Play-Doh…not for consumption.

I’ve been music heavy lately and wanted to live up more to the “eclectic” part of the blog’s name.

In first grade…I found the wonderous invention called Play-Doh. I loved making things and the smell of play-doh… I had a friend in school named Kevin…he would eat Play-Doh at times…I didn’t go that far. Kevin would deny eating it but when he smiled the teacher would see yellow, blue, and red all between his teeth… He would also eat crayons…Lost touch with Kevin after second grade when I assigned to a different school in our area which was closer…maybe that was for the best…

Today if I ever walk by Play-Doh I have to pick it up and do something with it. When my son was a kid we would make all sorts of things. I always loved taking the top off of a new one and trying to keep the colors separated…

Kevin where ever you are now…this post is for you.

In the 1930s Noah McVicker created a substance that looked like putty out of flour, water, salt, boric acid, and mineral oil. His family’s soap company — Kutol Products — in Cincinnati, Ohio, marketed his creation as a wallpaper cleaner.

It wasn’t until after World War II that Noah McVicker’s nephew, Joseph McVicker soon realized that Kutol Products’ wallpaper cleaner also could be used as modeling clay. In 1955, he tested the product in Cincinnati-area schools and daycares. The following year, the Woodward & Lothrop Department Store in Washington, DC, began to sell the clay, which McVicker had named Play-Doh. Noah and Joseph McVicker applied for a patent for Play-Doh in 1958, but the United States Patent Office did not officially patent the clay until January 26, 1965.

Captain Kangaroo had a part in the popularity. 

When it was just a new company with no advertising budget,  Joe McVicker talked his way in to visit Bob Keeshan, better known as Captain Kangaroo. Although the company couldn’t pay the show outright, McVicker offered them two percent of Play-Doh sales for featuring the product once a week. Keeshan loved the compound and began featuring it three times weekly.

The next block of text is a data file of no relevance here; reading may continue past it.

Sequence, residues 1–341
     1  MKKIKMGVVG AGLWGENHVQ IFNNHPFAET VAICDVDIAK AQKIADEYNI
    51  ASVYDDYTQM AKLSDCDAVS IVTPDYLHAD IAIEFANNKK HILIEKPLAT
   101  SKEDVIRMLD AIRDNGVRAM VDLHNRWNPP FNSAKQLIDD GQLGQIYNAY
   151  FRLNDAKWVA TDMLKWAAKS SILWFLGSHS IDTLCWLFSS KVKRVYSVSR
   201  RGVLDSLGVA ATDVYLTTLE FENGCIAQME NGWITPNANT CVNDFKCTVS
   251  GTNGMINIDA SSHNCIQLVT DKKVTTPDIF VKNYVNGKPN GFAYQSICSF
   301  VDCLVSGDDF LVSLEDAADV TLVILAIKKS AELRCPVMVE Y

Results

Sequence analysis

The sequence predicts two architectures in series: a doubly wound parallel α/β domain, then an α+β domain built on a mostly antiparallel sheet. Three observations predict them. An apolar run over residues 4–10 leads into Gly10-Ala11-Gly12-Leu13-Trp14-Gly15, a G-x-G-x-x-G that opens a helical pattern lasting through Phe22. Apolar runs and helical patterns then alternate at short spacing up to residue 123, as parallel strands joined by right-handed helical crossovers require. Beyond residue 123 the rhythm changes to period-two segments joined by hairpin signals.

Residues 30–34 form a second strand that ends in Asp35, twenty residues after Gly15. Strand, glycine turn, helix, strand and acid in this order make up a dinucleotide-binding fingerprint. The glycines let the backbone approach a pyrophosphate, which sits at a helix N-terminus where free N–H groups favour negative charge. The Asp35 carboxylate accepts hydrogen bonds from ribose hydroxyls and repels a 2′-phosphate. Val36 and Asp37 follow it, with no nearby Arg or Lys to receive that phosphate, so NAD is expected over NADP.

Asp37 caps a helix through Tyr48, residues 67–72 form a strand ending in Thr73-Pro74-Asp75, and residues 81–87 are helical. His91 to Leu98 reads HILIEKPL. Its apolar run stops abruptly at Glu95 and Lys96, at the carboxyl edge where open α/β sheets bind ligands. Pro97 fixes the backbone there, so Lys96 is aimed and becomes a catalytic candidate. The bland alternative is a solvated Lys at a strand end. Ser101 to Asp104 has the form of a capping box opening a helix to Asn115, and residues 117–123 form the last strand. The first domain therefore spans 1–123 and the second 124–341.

Today, Play-Doh is owned by Hasbro that continues to make and sell the product through its Playskool line. In 2003, the Toy Industry Association added Play-Doh to its “Century of Toys List,” which contains the 100 most memorable and creative toys of the last 100 years.

Since its “invention,” over 700 million pounds of Play-Doh have been sold around the world!




Author: Badfinger (Max)

Power Pop fan, Baseball fan, old movie and tv show fan... and a songwriter, bass and guitar player.

29 thoughts on “Play-Doh…not for consumption.”

  1. There’s something about the sense of smell that goes right past the thought process, and direct to the animal brain. I’m sixty and I can “smell” that stuff like I’m in first grade again, and just opened a can. Thanks for a fun read.

    Liked by 1 person

  2. Although Play-doh was around, we mostly used plasticine (as did John Lennon with the ‘Plasticine Porters’ in Lucy In the Sky). This came in multicoloured packs which would end up brown very quickly.

    Liked by 1 person

      1. I guess a lot of things don’t travel to well. ‘One for me, nineteen for you’ is another one you would scratch your head over, unless you know that in the pre-decimal 60s it was 20 shillings to a pound (£, not lb) and the Beatles paid 95% tax i.e. 19/- per £

        Liked by 1 person

      2. I’ve read about the taxes and the exodus of rock bands so they could keep some of their money in the seventies. I didn’t know about the shillings though. I just took the line in general. Again it makes more sense now.

        Liked by 1 person

      1. Yea one of those play doh canisters… sorry…but we called that a tub… so a container… no nibbling for Kevin. Now I wish I knew what happened to him

        Liked by 2 people

      2. OK. I bet he moves kinda slow these days then. Or who knows maybe he’s a surgeon or something. Fizz was honestly one of the most naturally gifted musicians I ever met. He hit 15 got a Stratocaster and took to the skies

        Liked by 2 people

      3. .I have a couple of friends that were like that…One of them could rip off Clapton’s Crossroads solo when he was a teen… he is still great… To watch them where everything comes easy as far as playing solos and such. I worked for every note I’ve ever played.

        Liked by 1 person

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